Wednesday, April 02, 2008

Giving the Capitol That Ghoulish Glow

Isn't it interesting that the Phila-delphia firm that got a fat little contract to create an envi-ronmentally friendly lighting scheme for the dome of the U.S. Capitol (designed by Philly's own Thomas U. Walter in the late 1850s) is the same one that gave City Hall its ghoulish nighttime appearance? The Washington Post reports, and the Inquirer reprints, a story suggesting that Rep. Bob Brady did a favor for The Lighting Practice and helped them get a $671,900 contract to design a more energy-efficient light system for the Capitol's high-visibility dome. That's a lot of money to save a little energy.
To be fair, City Hall's lighting doesn't come across as macabre and Halloweenish because too much money was spent on the treatment. As I wrote in this 2005 column, it looks like something out of the Addams Family, in part, because the lighting designers didn't have a proper budget to light individual features. So, they chose to bombard the "silent, weird, beautiful**" Second Empire pile with beams from giant fixtures screwed onto buildings around Center Square. The result is both patchy and overly-dramatic. Instead of admiring the glow, you're distracted by the particle beams that the big fixtures shoot out into the sky. It's gotten a little better since 2005, either because some of the bulbs have burned out, or because the beams have been redirected. But on a misty night, you still feel like you're walking into a fight scene from Revenge of the Sith.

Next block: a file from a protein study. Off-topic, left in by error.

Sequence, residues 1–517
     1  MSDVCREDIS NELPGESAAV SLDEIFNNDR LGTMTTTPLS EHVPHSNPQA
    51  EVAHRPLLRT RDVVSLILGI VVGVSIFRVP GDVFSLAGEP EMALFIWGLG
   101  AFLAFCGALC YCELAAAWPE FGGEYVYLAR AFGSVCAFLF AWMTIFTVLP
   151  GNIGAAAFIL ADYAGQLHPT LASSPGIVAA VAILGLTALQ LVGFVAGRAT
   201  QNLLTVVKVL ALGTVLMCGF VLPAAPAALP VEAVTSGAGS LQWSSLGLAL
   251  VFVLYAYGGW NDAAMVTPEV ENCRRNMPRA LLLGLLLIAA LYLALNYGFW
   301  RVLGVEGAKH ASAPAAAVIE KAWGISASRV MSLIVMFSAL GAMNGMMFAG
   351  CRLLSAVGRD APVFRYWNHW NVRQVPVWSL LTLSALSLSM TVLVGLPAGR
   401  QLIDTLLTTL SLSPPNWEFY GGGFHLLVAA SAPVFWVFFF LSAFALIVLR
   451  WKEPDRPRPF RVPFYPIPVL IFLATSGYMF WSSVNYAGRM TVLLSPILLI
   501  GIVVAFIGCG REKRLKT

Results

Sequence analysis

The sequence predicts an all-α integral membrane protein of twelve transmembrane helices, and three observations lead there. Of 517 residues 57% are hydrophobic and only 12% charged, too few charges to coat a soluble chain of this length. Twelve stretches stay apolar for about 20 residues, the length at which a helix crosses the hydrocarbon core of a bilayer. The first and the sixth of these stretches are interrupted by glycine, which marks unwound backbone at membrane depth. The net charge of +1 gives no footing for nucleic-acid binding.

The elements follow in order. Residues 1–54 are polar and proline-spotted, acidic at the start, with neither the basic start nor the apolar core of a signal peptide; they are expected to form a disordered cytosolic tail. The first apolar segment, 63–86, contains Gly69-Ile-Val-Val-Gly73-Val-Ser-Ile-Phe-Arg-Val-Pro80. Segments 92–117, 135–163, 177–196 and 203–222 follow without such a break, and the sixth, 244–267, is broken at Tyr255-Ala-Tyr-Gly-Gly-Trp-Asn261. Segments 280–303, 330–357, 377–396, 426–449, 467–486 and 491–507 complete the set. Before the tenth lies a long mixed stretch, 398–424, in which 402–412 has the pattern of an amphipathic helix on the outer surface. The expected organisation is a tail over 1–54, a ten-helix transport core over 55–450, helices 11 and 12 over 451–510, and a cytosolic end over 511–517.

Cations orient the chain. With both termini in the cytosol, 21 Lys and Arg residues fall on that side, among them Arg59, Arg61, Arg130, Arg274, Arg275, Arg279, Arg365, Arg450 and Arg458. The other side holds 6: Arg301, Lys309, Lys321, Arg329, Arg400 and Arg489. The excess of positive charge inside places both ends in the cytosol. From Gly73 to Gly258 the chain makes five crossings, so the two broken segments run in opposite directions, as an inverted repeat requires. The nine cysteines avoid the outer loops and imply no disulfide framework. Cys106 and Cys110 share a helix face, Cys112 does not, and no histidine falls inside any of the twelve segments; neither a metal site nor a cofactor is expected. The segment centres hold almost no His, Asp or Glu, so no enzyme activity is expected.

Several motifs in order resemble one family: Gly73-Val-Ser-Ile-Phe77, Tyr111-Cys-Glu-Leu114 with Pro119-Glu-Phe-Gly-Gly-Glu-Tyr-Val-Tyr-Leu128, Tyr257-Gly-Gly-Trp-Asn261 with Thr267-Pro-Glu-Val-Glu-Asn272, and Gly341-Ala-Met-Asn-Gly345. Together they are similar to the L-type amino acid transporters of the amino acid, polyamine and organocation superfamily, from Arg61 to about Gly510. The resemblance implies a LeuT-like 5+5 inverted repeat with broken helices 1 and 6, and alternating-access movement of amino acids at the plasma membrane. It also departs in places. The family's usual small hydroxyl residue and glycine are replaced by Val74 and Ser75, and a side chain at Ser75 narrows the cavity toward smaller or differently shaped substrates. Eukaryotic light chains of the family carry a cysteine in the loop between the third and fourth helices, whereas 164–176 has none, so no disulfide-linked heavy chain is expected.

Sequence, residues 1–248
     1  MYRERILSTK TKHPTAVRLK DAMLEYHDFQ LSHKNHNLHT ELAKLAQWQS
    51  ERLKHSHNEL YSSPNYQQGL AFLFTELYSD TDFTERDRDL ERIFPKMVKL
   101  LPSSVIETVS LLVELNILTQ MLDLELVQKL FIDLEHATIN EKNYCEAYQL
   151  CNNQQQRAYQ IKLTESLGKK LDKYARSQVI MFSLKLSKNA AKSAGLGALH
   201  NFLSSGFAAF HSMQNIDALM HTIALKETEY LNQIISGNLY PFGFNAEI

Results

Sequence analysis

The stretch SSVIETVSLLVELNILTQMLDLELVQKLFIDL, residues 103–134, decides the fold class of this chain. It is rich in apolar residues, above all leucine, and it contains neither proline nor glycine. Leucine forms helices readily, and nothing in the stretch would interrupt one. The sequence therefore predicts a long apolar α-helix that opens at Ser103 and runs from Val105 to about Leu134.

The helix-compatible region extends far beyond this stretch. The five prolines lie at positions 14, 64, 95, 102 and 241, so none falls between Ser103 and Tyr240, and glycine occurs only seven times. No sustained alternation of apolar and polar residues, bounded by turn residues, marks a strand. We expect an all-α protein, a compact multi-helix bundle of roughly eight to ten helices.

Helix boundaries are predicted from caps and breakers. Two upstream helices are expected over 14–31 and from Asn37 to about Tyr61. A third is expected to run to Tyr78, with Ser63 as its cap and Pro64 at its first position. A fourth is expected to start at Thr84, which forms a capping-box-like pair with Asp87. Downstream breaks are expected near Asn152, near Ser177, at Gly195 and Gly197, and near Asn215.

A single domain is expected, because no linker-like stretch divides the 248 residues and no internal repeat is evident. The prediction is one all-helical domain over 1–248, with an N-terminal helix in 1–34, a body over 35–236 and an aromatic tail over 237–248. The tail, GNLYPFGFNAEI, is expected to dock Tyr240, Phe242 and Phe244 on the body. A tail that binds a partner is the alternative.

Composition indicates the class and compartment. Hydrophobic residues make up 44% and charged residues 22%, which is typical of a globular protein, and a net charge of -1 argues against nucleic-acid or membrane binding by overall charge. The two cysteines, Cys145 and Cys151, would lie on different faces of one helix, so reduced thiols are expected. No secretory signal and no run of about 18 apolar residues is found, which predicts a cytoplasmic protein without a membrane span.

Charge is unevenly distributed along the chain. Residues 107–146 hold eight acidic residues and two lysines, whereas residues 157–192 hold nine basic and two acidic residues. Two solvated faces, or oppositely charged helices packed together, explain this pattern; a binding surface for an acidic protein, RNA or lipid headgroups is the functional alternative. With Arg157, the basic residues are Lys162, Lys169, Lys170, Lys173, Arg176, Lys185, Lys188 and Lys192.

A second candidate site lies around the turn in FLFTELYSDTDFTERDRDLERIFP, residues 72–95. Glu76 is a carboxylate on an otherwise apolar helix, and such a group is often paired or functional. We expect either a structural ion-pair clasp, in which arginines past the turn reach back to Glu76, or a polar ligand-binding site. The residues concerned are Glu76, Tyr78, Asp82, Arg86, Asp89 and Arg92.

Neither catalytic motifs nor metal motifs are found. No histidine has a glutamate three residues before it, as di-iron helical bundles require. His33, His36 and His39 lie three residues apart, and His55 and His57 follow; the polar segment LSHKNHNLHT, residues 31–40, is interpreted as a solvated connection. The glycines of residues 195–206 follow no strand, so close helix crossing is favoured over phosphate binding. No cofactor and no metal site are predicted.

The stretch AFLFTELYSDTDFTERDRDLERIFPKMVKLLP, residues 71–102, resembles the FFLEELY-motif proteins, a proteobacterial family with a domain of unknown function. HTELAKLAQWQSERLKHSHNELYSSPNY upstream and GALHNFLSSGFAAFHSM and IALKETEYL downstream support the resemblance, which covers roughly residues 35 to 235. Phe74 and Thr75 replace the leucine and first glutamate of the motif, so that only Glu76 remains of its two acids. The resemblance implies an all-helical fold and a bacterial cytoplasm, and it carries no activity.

That said, the Washington Post story feels a might circumstantial It suggests that the bill for greening the dome is out of line, but offers no meaningful comparisons. It's true the Lighting Practice didn't offer the lowest bid, but with professional services lowest isn't always the best choice. However, Brady's connection does make you wonder (especially since his stand on waterless urinals didn't suggest a keen interest in things green). But then there is the Thomas Walter connection. He had a hand in designing City Hall.
**The quote is Walt Whitman's famous description of City Hall.